Can I stack this with your desktop headphone amps?
Some of them, yes. It’s exactly the same size as Magni and Modi, and will probably be fine sitting on a Magni. However, that stack might get pretty hot in warm rooms (over 25 degrees C). So sit them side by side.

Can I use it with your preamps?
You can use Rekkr with our preamps, or anyone else’s preamps. You can use it with DACs that have volume control, you can use it with SYS, you can use it with our headphone amps that have preamp output—basically, as long as you have volume control on the device feeding the Rekkr, you’re fine. Rekkr is just an amp—no volume control.

So is this kinda like a mini Vidar 2?
Kinda. Or a big Magni. Similar gain stage, similar linear power supply, etc. The protection system on Rekkr is all analog, but still incorporates overcurrent, over-temperature, and DC protection. Bigger output devices than Magni, smaller than Vidar.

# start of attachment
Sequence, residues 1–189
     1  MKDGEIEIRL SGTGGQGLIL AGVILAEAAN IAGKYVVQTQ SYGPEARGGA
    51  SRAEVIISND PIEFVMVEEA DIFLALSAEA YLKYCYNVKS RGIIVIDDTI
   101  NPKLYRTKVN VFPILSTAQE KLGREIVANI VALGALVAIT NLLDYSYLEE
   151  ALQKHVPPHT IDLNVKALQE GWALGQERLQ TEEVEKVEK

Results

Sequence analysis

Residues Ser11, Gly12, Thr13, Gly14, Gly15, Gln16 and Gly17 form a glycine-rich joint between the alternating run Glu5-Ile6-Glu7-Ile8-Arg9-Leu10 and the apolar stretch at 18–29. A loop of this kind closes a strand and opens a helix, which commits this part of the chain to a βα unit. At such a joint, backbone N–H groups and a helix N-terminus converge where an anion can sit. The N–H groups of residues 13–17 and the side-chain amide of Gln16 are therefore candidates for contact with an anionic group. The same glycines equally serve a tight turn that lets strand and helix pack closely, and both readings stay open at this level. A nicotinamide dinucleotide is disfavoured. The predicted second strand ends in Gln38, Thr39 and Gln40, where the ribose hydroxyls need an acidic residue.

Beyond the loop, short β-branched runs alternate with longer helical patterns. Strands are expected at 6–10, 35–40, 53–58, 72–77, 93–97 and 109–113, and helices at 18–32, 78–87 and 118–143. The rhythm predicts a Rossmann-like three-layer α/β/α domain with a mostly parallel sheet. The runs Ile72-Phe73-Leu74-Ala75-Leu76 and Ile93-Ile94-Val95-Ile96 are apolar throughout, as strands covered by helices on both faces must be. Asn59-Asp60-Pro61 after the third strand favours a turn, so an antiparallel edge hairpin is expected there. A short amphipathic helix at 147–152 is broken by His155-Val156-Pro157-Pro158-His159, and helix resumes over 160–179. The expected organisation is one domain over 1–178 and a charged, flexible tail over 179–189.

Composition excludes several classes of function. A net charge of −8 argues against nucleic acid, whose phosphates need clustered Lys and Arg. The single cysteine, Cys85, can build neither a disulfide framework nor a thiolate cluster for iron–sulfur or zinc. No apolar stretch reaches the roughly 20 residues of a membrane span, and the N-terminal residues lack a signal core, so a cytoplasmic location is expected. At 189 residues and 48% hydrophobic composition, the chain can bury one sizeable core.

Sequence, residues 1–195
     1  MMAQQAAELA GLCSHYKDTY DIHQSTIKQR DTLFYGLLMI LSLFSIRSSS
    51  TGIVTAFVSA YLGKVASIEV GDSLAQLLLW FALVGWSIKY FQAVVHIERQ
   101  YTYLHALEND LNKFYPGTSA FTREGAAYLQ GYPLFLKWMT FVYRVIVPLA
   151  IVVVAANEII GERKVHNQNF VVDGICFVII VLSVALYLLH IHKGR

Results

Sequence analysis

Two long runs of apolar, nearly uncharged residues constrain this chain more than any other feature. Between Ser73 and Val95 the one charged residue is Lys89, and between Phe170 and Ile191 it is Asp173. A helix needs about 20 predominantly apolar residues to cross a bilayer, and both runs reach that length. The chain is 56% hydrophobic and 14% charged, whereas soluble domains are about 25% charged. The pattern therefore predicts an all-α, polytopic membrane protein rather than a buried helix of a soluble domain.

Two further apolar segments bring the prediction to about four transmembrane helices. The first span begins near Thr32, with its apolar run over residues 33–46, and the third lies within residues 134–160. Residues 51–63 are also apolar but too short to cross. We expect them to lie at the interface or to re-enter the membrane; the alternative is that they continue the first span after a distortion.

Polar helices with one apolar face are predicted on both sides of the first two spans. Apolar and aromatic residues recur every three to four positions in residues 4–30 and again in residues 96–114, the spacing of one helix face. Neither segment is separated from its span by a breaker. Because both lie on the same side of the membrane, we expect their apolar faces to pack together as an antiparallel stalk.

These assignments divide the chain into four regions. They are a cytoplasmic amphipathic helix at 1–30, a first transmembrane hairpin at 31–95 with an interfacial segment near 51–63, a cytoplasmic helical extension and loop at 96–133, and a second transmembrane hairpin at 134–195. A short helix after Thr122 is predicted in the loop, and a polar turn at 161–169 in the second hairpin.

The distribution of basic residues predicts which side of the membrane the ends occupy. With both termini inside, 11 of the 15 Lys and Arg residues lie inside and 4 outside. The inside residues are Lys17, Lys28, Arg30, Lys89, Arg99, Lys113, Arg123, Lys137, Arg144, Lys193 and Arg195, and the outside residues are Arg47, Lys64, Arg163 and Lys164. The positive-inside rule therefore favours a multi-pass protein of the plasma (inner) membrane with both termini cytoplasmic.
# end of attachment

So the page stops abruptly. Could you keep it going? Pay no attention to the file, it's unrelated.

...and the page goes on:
No class D?

No switching supplies?

Some of my friends are super into Class D and say it’s the future.
There are plenty of Class D amps out there. Rekkr isn’t one of them.

Let me have a breakdown of the tech, using words of less than 6 syllables.
Okay, here goes:

  1. Fully discrete, current feedback topology is amazingly fast (-3dB above 1MHz before input filter) and measures well, especially for such a simple stage.
  2. A pair of 10A output transistors per channel.
  3. 100% DC coupled throughout, no capacitors in the signal path.
  4. Fully linear power supply with 12VA wall-wart and 12,000uF filter capacitance.
  5. Separate discrete regulated high voltage rails improve efficiency and are ground-referenced (not stacked) for lower noise.